Air Pressure

Feeling the pressure…

Recently, I’ve been attempting to re-read a book. I first read it back in ’90s, and didn’t get that much from it. I thought I might enjoy it more now – unfortunately, though, I’m actually liking it even less. Without naming the guilty, it’s sort-of a space colonisation story. You could sum the plot up as Rugged Libertarian Authority Figure(tm) is forced to Take Control and show a bunch of useless strawman liberals what’s good for them. (The authors do not appear to notice the inherent irony of a libertarian authority figure, either.) Few of the characters are at all sympathetic – the only one who is has severe brain damage and thus the IQ of a 10-year old. Also, we’re repeatedly assured that the colonists are a special elite, selected for their inherent genetic superior-ness to ordinary, scummy, untermensch humans. (That is, you and me. Just so we’re clear on this.)

Given my current politics, I found all of this utterly irritating.

I don’t think I’ll bother to finish the book. But there’s actually worse, though. You see, it’s supposedly hard SF. Now, I like hard SF. But what I don’t like is schoolboy research errors. (For instance, in this book, the authors seem to think that Tau Ceti is an F-class star – it’s really, really not). Also, the book is supposedly about the impact of an alien environment on the colonists. (I say ‘suppposedly’ what it actually seems to be about is an excuse for their uber-manly Heinleinian poster-boy to flex his manly Marty Stuish pecs at the readers.) However, the environment makes a surprisingly small impact on the characters. In particular, two critical world-building factors are entirely ignored.

These are surface gravity and air pressure.

I’ll deal with gravity some other time, but let’s talk about air pressure.

For any hypothetical colony on another hypothetical terrestrial planet, air pressure is going to be a very, very significant factor in the colony’s viability. Air pressure has huge human-health implications and is not simply something that can be waved away.

Where does air pressure come from? The answer is weight – the atmosphere around you feels gravity, just like you do. Imagine a column of air, extending up from the surface of the Earth out into space. The ‘pressure’ is the weight across the area at the bottom of that column. And it’s quite high – the average number for sea-level air pressure on Earth is 101,325 Newtons per square metre*. (101,325 Pa = 1013.25 millibars, the standard sea-level atmospheric pressure.) This is equivalent to the weight of about 10 tons of rock, spread over 1 square metre.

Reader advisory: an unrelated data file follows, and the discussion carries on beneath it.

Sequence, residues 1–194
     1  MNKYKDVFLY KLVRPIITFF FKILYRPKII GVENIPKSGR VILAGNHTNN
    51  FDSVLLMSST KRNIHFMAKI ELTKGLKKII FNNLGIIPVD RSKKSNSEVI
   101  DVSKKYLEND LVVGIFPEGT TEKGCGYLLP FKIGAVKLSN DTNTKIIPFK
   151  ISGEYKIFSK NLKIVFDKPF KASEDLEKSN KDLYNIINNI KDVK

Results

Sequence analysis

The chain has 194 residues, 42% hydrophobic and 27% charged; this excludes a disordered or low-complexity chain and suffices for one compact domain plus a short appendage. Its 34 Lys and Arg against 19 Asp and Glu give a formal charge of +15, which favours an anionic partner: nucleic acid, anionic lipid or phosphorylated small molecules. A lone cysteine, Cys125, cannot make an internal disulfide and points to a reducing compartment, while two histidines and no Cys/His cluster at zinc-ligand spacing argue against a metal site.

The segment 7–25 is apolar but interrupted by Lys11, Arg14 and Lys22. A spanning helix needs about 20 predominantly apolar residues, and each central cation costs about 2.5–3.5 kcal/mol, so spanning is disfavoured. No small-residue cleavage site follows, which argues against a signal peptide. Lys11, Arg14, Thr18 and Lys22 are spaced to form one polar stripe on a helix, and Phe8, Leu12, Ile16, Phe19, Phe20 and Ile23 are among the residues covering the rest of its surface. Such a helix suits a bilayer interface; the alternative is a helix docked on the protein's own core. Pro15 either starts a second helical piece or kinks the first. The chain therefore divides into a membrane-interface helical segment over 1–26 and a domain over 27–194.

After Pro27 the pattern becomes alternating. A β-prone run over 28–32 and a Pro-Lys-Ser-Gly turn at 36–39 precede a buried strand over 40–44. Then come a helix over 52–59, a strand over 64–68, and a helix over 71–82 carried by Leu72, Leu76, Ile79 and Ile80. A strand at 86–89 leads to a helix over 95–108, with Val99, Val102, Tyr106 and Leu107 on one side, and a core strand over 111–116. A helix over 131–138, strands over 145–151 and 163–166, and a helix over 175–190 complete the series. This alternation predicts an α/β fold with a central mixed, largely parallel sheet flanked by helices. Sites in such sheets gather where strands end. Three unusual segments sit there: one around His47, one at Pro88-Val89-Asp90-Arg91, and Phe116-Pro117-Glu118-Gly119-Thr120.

That’s rather a lot. So, why don’t you feel a horrible sense of being squeezed?

Because your body continually has an equal and opposite counter-pressure. You push outwards at 101,325 Pa, thus resulting in a net force of zero. So you don’t feel anything.

But that’s true at sea level. What happens in other conditions?

The limiting case for pressure is hard vacuum, a pressure of effectively zero Pa. If you’re exposed to this, the consequence is called ‘explosive decompression’. Now, contrary to popular myth, explosive decompression doesn’t actually quite make people pop – the human body has a lot of internal strength. However, it certainly isn’t healthy. Explosive decompression will almost certainly kill you, even on a very short exposure.

Now, if we’re talking colonisable planets, then we’re presumably not talking high vacuum surfaces. So, what about intermediate air pressures?

Perhaps surprisingly, there is some flexibility.

Now, as well as mechanical pressure, there’s another issue. With declining air pressure, the availability of oxygen will also decline. Each lungful of air scoops up less and less air as the pressure falls, and this reduces the amount of oxygen available for the metabolism. This is believed to be one of the factors underlying altitude sickness.

In most people, altitude sickness doesn’t present until an altitude of at least 2,000 or so metres. This corresponds to an air pressure of about 794 millibars, or about 78% of sea-level. (However, it should be noted that some particularly-sensitive people may start to feel it even lower down.)

At 2,400 metres, or about 748 mb, altitude sickness becomes more likely to appear. It doesn’t necessarily occur immediately – symptoms are often delayed as much as six to ten hours after reaching altitude. Also, not everyone will be affected at this level – in fact, perhaps most people won’t.

Now, let’s go up further, to say 4,200 metres, or an air pressure of about 600 mb. Up here, as many as half of people will experience some sort of altitude sickness.